There, I’ve said it. And fuck, that’s a whole weight off my mind. Imagine the guilt, day in and day out to find I haven’t recovered.
I know I have a bunch of symptoms that, when clustered together, attract the label of Borderline Personality Disorder. A label that, to the vast majority of the population, is completely meaningless.
It’s a condition that’s been with me all my adult life, with 2 major epicentres – one in my teens (hey but I thought you said…?) and one in my forties.
These days my symptoms are mainly dissociation – derealisation where the world becomes unreal where I have periods between an hour and 3 weeks where I don’t believe I’m real/ or something omnipotent in equal measures; hallucinations – mainly visual of ridiculous things – the last one was of an astronaut silently climbing through the ceiling above our bed – that are nonetheless surprising and occasionally shocking; invasive thoughts of extravagant and violent self harm with suicidal ideation mixed in at times; paranoia where…well, I’m sure you know what paranoia means…
Roughly translated it means I effectively lose 4 months a year.
I’ve had a variety of psychological and psychiatric inputs over the years including cognitive behavioural therapy, mindfulness, a fascinating mixture of medications and wonderful group psychotherapy.
I don’t believe any flavours of further psychological wizardry will improve or change my symptoms in any way.
Well that’s not a very positive message! What about hope? What about recovery?
Well, there’s the thing…
I HAVE RECOVERED
This is what it looks like.
This is what MY recovery looks like. Don’t let the word ‘Recovery’ be hijacked by the powers that be. As soon as someone else defines your your recovery, it stops being recovery.
We’ve learned how to manage it.
When it happens, it’s still shit, I still need a lot of help…but we manage it very well.
More meds, darkened room, loud cop shows, gentle inner mantra ‘it will pass – it always does’
The rest of the time my life is great.
I’m not the problem. Sure, I have a problem, but I’m not it.
Today, as on most of my good days, I’m not thinking, ‘Why can’t I just fit in?’
I’m not saying I have nothing to offer myself and society. I know, like millions of others, I want to contribute to the world in a way that has some meaning to me.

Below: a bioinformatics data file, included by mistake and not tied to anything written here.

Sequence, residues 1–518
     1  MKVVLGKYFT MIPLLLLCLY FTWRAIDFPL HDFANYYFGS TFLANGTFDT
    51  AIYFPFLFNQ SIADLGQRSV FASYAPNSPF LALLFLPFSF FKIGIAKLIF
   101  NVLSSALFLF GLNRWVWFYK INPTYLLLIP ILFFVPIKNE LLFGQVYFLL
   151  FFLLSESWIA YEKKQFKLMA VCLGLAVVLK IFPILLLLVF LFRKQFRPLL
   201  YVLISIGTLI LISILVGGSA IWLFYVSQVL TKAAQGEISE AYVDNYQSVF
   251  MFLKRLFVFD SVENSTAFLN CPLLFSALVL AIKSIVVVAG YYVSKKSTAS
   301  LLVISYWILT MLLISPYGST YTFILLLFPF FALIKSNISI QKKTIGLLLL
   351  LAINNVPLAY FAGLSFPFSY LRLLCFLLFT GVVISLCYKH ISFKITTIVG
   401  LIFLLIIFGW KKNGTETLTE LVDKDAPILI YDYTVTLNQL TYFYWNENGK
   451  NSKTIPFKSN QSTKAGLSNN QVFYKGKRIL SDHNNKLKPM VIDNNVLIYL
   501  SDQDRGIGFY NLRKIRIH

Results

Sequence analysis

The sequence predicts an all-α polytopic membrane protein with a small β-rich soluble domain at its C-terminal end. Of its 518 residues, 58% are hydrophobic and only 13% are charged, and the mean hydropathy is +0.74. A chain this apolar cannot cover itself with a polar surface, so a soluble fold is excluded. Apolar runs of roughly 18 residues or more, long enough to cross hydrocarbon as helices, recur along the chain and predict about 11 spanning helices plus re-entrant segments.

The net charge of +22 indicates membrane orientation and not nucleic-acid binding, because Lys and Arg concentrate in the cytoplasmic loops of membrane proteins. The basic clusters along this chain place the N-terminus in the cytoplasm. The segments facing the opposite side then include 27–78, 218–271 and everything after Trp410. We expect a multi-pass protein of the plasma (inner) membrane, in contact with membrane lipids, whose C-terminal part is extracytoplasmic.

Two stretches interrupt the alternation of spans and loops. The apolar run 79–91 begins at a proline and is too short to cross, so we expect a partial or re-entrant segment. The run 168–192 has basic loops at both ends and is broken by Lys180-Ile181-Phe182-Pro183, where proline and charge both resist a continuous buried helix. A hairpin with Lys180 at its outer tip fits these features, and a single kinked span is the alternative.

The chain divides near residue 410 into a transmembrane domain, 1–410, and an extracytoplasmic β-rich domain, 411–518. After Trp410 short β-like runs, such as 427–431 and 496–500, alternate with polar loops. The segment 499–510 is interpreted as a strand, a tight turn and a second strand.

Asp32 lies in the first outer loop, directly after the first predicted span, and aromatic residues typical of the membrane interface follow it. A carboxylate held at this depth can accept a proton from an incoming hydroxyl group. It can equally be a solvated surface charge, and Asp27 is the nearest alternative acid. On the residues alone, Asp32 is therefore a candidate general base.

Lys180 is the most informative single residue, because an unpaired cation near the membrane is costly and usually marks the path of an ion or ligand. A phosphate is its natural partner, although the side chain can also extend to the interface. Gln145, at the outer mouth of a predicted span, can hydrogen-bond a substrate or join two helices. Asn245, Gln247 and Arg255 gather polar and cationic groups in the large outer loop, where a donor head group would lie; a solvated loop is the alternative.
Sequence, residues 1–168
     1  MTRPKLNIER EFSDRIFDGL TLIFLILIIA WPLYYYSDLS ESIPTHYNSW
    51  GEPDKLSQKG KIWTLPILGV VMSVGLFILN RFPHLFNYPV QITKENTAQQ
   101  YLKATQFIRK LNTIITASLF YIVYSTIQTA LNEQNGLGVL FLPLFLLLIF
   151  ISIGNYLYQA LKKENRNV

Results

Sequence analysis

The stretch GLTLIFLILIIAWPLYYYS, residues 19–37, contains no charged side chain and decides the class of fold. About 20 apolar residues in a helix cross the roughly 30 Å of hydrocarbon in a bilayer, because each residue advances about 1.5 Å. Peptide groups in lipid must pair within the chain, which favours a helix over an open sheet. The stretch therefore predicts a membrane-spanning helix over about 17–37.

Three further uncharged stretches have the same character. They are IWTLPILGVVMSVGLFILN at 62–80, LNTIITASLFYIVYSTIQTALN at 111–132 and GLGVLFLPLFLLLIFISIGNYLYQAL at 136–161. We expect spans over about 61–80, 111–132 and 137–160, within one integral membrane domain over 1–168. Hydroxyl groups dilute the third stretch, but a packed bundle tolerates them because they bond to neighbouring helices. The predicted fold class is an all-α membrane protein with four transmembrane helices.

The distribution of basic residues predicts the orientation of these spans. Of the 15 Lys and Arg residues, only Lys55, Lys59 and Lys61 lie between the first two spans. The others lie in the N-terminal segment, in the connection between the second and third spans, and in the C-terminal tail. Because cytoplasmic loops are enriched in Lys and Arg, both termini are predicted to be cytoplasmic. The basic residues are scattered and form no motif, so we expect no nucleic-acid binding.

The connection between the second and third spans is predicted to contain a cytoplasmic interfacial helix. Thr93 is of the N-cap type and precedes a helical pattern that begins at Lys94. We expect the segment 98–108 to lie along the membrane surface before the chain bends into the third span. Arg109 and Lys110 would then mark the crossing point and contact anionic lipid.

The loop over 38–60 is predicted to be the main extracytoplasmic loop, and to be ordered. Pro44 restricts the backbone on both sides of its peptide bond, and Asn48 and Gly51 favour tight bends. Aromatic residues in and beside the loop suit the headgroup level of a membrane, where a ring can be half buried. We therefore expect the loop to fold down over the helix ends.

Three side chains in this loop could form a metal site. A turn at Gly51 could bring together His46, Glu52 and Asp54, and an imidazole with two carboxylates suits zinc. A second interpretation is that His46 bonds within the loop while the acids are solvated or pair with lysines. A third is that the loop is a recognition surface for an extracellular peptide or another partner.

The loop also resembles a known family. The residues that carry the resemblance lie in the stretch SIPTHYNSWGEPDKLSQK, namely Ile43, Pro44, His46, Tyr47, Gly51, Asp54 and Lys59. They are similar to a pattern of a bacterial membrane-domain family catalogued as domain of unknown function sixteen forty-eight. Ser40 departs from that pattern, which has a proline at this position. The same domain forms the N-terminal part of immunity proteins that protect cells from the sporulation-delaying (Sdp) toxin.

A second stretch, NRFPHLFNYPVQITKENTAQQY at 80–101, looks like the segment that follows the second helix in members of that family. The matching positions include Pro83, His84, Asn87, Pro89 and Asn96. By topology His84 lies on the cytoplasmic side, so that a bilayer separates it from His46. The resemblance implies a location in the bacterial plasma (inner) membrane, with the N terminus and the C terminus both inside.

I’m not the problem.
You’re not the problem.
The problem is government policy, laws, regulations and rules that openly discriminate against me and a bazillion others like me.
The problem is ignorance surrounding the ‘PC gone mad’ laws we do have, and their general lack of teeth.
Strivers – Skivers.
Work capability assessments that aren’t fit for purpose – that run roughshod over people with mental health problems.
Witch hunts, where 85% of people reported for benefit fraud by their fellow citizens were committing no fraud at all. The remaining 15% had insufficient evidence.Well, you don’t LOOK disabled!
Is this seen as a hate crime?
People with mental health problems are hugely over represented by a draconian sanctioning system. A system where people’s benefits are stopped for being late for a meeting, attending a funeral, being in hospital, or simply making a mistake.
Losing their benefits for anything between 3 weeks and 3 years.
Where it’s a postcode lottery whether or not someone gets discretionary ’emergency’ payments.
A justice system that doesn’t see this abject poverty as mitigating circumstances for theft of…a sandwich, where people receive custodial sentences for theft of food in Britain today.
A system where as many as 75% of the prison population have mental health problems.
A housing system where the massively growing private sector has landlords who are able to say they won’t let to people on benefits.
This is flagrant discrimination against people with mental health problems and/ or disabilities.
We hear that many buy to let mortgages have a clause that excludes letting to people on benefits. And yet that goes unchallenged.
Despite promises over the years, people with mental health problems still frequently receive a poor service from the NHS. People with long term mental health problems are dying 15-20 years earlier than the rest of the population.
In the workplace people with disabilities are promised ‘reasonable adjustments’ to enable them to work, or continue working.
But what does a mental health ramp look like? Apart from endless work capability assessments and benefit witch hunts, what’s really being done for people with mental health problems who want to get back into work?
There’s more…there’s always more.
Under this Dickensian system of sanctions and state sponsored discrimination, 1000 more people are taking their own lives every year.
Action is needed for any change.
We need to take action.
This needs to stop.
We need to work together to end this.
I’m not going to get any better.
It’s huge parts of the system that need to change.
Where do we start?
Walk a mile